There have been two ‘wrong winners’ in UK general elections over the last 70 years. In 1951, Labour got more votes than the Conservatives but the Tories won more seats. In February 1974, the position was reversed, with the Conservatives winning more votes but Labour gaining a higher number of seats. This is always a possibility with Westminster’s First Past the Post (FPTP) electoral system, where the distribution of votes across different types of seats can sometimes skew the overall result.
In the US, we have seen the same number of Presidential ‘wrong winner’ elections since the turn of the century. The Democratic Party candidate for President has won the popular vote in four of the last five elections but has won the Presidency on only two of those occasions.
In 2000, Al Gore won around half a million more votes than George W. Bush, across the whole of the United States but Bush won the Presidency. In 2016, Hillary Clinton’s popular vote victory over Donald Trump was even larger, at nearly three million votes, yet it was Trump who emerged as President.
The reason for these ‘wrong winner’ elections is the way that the votes of US citizens are turned into votes at the Electoral College. We’ve previously explored the history of the Electoral College. For our purposes, we simply need to note that each state (and the District of Columbia) is allocated a number of Electoral College votes, roughly in proportion to their population. The number of Electoral College votes varies from 55 for California to three each for Alaska, Delaware, District of Columbia, Montana, North Dakota, South Dakota, Vermont and Wyoming.
The vast majority of states apply a winner-takes-all system, whereby the candidate who wins the most votes in a state are assigned all of that state’s Electoral College votes. A closer look at the 2016 Presidential election result highlights how, because of this, Trump was able to beat Hillary Clinton, despite losing by nearly three million in the popular vote. The key states in 2016 turned out to be Wisconsin, Michigan and Pennsylvania. Three states in the upper mid-west of the United States, which had voted for the Democratic candidate in every Presidential election since 1992 (Michigan and Pennsylvania) or 1988 (Wisconsin). Trump was able to outperform his popular vote performance in these three states and flip them in the Republican’s favour, winning all of them by wafer-thin margins of less than one percentage point.
Overall, Clinton beat Trump by two percentage points (48.1% to 46.0%). However, in these crucial states, Trump slightly outperformed his overall vote share and Clinton slightly underperformed hers. Trump won Pennsylvania (48.2% to 47.5%), Michigan (47.5% to 47.3%) and Wisconsin (47.2% to 46.5%). Taken together, these three states account for 46 Electoral College Votes – Pennsylvania (20), Michigan (16), Wisconsin (10). If Clinton had won these three states, she would have won the Electoral College and become President. Like the UK’s FPTP system, this highlights how under the winner-takes-all Electoral College system, the distribution of votes across particular geographic areas can be crucial.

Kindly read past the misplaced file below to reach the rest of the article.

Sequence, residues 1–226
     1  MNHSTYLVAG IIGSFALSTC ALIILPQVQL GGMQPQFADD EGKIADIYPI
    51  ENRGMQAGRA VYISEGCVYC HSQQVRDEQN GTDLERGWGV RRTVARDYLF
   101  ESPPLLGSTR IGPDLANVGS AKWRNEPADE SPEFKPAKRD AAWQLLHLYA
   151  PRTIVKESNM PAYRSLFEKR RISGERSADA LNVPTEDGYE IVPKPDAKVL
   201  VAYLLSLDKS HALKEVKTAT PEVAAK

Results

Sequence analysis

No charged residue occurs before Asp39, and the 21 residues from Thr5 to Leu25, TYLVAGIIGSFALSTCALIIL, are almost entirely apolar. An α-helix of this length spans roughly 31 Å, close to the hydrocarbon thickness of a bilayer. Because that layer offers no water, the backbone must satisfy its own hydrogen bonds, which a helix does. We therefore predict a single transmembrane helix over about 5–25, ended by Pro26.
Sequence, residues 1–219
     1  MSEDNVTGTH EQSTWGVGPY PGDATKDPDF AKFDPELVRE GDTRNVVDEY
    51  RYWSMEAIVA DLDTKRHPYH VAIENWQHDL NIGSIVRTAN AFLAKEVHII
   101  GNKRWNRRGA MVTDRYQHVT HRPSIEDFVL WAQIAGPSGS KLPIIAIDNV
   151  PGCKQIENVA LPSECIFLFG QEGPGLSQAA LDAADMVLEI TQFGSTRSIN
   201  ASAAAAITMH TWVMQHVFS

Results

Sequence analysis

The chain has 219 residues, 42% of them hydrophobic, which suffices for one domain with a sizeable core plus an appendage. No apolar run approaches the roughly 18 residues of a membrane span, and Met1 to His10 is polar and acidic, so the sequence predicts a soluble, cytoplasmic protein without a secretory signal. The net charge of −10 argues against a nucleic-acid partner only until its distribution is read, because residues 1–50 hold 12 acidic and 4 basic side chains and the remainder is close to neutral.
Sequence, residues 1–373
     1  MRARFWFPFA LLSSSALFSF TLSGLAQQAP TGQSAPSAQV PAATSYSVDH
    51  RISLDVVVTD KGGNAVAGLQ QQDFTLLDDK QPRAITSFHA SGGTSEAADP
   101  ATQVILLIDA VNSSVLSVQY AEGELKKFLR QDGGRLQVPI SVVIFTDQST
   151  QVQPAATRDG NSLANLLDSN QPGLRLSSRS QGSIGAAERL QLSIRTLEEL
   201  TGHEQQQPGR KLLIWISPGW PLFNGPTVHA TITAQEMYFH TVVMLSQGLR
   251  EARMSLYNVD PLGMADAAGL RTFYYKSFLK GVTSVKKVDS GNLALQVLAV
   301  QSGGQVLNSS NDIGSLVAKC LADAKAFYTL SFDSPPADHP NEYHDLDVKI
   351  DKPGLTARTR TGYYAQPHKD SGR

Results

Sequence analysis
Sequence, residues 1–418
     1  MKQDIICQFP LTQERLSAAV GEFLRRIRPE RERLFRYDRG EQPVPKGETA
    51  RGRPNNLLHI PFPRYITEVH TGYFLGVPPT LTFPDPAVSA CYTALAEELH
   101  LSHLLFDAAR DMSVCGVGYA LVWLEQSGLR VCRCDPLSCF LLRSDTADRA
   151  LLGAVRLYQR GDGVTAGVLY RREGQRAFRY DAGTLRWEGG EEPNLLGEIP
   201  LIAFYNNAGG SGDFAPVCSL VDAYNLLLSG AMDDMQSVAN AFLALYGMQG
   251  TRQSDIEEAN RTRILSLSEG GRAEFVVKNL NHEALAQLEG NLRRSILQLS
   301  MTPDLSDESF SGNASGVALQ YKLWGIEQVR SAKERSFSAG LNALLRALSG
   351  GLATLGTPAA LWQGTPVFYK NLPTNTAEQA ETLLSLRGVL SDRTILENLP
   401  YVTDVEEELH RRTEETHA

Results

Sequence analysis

Given that a ‘wrong winner’ election has happened twice in the last twenty years, it is worth exploring the likelihood of it happening again this year. On the face of it, it would appear unlikely. As of 30 October, the FiveThirtyEight website forecasts that the Democratic Party candidate, Joe Biden, will receive 53.3% of votes and Donald Trump 45.4%. This would be a far higher overall victory margin of 8 points, compared to Hillary Clinton’s 2-point margin in 2016. FiveThirtyEight are also forecasting a Biden victory in the Electoral College, by 346 votes to 192. If this did turn out to be the outcome, it would represent a comfortable victory, along the lines of Barack Obama’s 2008 win over John McCain, both in terms of the popular vote and the Electoral College.
However, a closer look at FiveThirtyEight’s forecasts reveals how there is still a potential mismatch between the popular vote and the Electoral College. While Trump’s chances of winning the popular vote are put at a mere 3%, as of 30 October, his chances of winning the Electoral College are put at 10%. Pennsylvania again looks like being a key state, with FiveThirtyEight forecasting it to be the ‘tipping point’ state, the point at which Biden would have enough Electoral College votes for victory. As of 30 October, Biden is forecast to have a 5-point lead in Pennsylvania (52.2% to 47.1%), slightly but notably lower than his forecast 8 point overall lead. When you take into account that FiveThirtyEight’s final forecast for Pennsylvania in 2016 had Clinton 3 points ahead (48.9% to 45.2%), you can see why it would be foolish to say another ‘wrong winner’ election in 2020 is impossible.
Although a ‘wrong winner’ election this year looks unlikely, though not impossible, if the trends that have led to two ‘wrong winners’ in the last 20 years continue, it may well be the case that calls for reform of the Electoral College system will be increasingly heard.
Image Donald Trump av Gage Skidmore. CC BY SA 2.0
Find out more about the campaign for reform of the electoral college